There are more Buddhists in the United States than any country outside Asia. This is largely because America is a nation of immigrants, with a long-standing tradition of religious freedom, something which should be remembered and celebrated, especially today.
Before his death, John F Kennedy championed what later became the Immigration and Naturalization Act of 1965:
Specifically, the Hart–Celler Act allowed increased numbers of people to migrate to the United States from Latin America, Asia, Africa, and the Middle East.
Prior to 1965, the demographics of immigration stood as mostly Europeans; 68 percent of legal immigrants in the 1950s came from Europe and Canada. However, in the years 1971–1991, immigrants from Hispanic and Latin American countries made 47.9 percent of immigrants (with Mexico accounting for 23.7 percent) and immigrants from Asia 35.2 percent. Not only did it change the ethnic makeup of immigration, but it also greatly increased the number of immigrants—immigration constituted 11 percent of the total U.S. population growth between 1960 and 1970, growing to 33 percent from 1970–80, and to 39 percent from 1980–90. Immigration and Nationality Act of 1965 - Wikipedia
The most decorated military unit in American history was made up of volunteers from Japanese internment camps during World War II, who wanted to prove their love and loyalty for their country. It only made sense for the United States to then liberalize its immigration policy for people from Asian countries:
I was born in the USA and have lived here all of my life. I don’t consider myself American, more of a citizen of planet earth. I have never found flags and patriotism useful, rather more divisive; us and them. Yet I am grateful that I have freedoms and plenty. I feel compassion for those who are oppressed, both around the planet and here, particularly those oppressed by greed, hatred and delusion. In that way we are all flying under the same flag. Perhaps a new world holiday, Liberation Day, would be good, a day celebrating our varying levels of freedom from dukkha!
During difficult times, i am glad if appreciation of democracy, equality under law, self determination and consent of the governed is recollected and encouraged. May all have happiness, peace and liberation from the causes of suffering.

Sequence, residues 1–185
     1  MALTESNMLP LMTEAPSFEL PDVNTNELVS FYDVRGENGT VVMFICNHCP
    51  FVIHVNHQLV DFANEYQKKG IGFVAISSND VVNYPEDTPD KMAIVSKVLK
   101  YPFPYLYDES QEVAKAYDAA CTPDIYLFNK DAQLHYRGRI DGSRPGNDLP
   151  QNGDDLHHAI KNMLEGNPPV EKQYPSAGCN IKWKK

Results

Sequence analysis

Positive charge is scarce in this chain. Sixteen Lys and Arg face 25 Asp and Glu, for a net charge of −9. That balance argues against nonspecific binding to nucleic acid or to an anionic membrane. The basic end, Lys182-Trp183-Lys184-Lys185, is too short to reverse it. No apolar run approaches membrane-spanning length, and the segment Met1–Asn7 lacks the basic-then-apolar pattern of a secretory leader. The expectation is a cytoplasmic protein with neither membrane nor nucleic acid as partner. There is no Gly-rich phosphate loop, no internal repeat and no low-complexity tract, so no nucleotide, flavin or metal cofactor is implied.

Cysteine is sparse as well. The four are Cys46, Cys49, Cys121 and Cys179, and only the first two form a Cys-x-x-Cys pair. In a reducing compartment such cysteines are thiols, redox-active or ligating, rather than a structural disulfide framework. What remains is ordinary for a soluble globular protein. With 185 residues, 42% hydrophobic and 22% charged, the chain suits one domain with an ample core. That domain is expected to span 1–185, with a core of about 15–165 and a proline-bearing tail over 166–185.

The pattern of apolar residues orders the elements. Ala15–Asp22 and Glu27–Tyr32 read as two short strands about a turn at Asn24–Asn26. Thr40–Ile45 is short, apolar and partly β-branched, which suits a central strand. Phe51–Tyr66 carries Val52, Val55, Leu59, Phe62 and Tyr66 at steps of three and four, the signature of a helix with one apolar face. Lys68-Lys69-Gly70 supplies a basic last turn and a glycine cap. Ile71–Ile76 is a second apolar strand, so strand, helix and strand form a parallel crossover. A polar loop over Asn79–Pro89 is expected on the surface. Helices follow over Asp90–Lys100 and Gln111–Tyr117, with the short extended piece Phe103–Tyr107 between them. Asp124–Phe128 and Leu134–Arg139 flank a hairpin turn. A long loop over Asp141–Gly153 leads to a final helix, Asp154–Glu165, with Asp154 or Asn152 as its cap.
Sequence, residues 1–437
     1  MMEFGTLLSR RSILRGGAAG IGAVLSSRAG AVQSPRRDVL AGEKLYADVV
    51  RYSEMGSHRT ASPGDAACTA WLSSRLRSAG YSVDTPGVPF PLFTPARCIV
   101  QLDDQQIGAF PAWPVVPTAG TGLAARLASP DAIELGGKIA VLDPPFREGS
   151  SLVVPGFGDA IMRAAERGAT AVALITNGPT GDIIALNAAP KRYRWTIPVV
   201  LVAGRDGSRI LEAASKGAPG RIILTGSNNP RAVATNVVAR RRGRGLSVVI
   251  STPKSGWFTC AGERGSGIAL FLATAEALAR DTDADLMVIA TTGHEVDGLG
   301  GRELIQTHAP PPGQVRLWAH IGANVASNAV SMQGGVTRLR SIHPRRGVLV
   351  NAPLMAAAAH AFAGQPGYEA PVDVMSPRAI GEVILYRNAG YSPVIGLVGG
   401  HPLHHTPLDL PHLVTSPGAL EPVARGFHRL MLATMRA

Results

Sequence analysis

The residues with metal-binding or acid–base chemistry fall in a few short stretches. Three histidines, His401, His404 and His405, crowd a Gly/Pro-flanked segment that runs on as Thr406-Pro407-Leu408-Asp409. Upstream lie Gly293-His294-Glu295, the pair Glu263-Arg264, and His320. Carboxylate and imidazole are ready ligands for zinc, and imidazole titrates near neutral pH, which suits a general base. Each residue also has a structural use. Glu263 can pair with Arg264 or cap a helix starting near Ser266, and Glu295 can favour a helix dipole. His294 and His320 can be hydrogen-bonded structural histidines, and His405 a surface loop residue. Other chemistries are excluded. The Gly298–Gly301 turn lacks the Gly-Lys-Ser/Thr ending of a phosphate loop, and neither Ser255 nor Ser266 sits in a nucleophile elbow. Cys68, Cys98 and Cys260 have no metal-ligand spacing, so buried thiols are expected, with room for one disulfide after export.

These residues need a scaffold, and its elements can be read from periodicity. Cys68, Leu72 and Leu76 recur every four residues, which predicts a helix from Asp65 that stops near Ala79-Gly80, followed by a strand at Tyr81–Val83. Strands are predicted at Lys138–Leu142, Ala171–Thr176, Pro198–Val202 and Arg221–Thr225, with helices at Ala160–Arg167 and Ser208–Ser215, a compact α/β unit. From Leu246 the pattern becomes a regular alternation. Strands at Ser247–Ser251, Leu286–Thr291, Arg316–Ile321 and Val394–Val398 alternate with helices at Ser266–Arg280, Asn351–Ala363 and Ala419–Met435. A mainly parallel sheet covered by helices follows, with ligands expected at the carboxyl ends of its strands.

Something that really should be said is that, even if America today is losing its way, the push for democracy and constitutionalism in the rest of the world was historically inspired by the United States. Please think of how many countries were inspired by America’s efforts at establishing a constitutional republic.
It’s also worth mentioning that, during the 20th century, the United States sacrificed a great deal to save the world from fascism and communism, even while making regrettable mistakes along the way. America may not be the greatest nation in history, but it’s worth feeling thankful for.
Americans across all social classes take for granted a higher measure of freedom and prosperity than a majority of the world’s people. Watching this documentary helped me to better appreciate what I have as an American:
For me, the American flag represents the blessings for which I am thankful as an American, but I don’t use the flag to drape over America’s sins and shortcomings. I think there can be such a thing as an enlightened patriotism, of feeling grateful and appreciative of one’s country without assuming that we have a right to oppress other countries.
I’m an Australian, born to refugee parents. As such ‘national identity’ has been a subject of much thought in my life. From observation, having travelled around the world and participated in international forums - Americans are unique in the way they express patriotism.
From my perspective, this indicates a specific type of conditioning. NOTE this statement is without judgement of any type - it is just an observation. There is no right or wrong here
I am sure that we could identify a range of different identifying characteristics from a range of cultures that show/highlight cultural conditioning, accross the globe.
I only highlight this, as I believe most participants here are interested in the Buddhas teachings, and this type of conditioning feeds identity/ the self, and keeps us tethered to samsara.
PS. I’m a little reluctant to post this, due to the likelihood that it may cause aggressive arugumentation. However, I firmly believe that we should be able to politely and calmy and, with a sense of perspective, be able to discuss all kinds of things. I hope I’m right
I was born in the hell of Brasil, in the violence and theft crime capital or Rio de Janeiro. As result I developed a very deeply rooted aversion to all things Brasil , to the point I have nightmares I am back there almost once a month!
I am fully aware this is a very bad defilement and similar to attachment to national identity will only serve as one more thing sticking things to the tragicomedy of samsara.
In light of that, I made the vow of translating as much as possible of the teachings to my mother language , as a way to force myself to leave at least some sort of gift to the people and culture I was born among.
I consider myself to belong to no culture or country but, after living in Australia for four years, I can say that the empty vastness of this land and the diverse cultural of its society makes it a very nice place to give the path a try.
This all depends on your definition of patriotism. If you want the best for your community/country, then I’d call that patriotic (and has the potential to be healthy). If you think yours country is better than someone/anyone/everyone else, that would be more like nationalism, which is more prone to judgemental views; harsh views; conceit; bias, prejudice and also wrong view.
But as Erose referred to ultimately there are no Australians, Americans, Canadians, etc. There are no borders, its all a mental construct not an ultimate reality.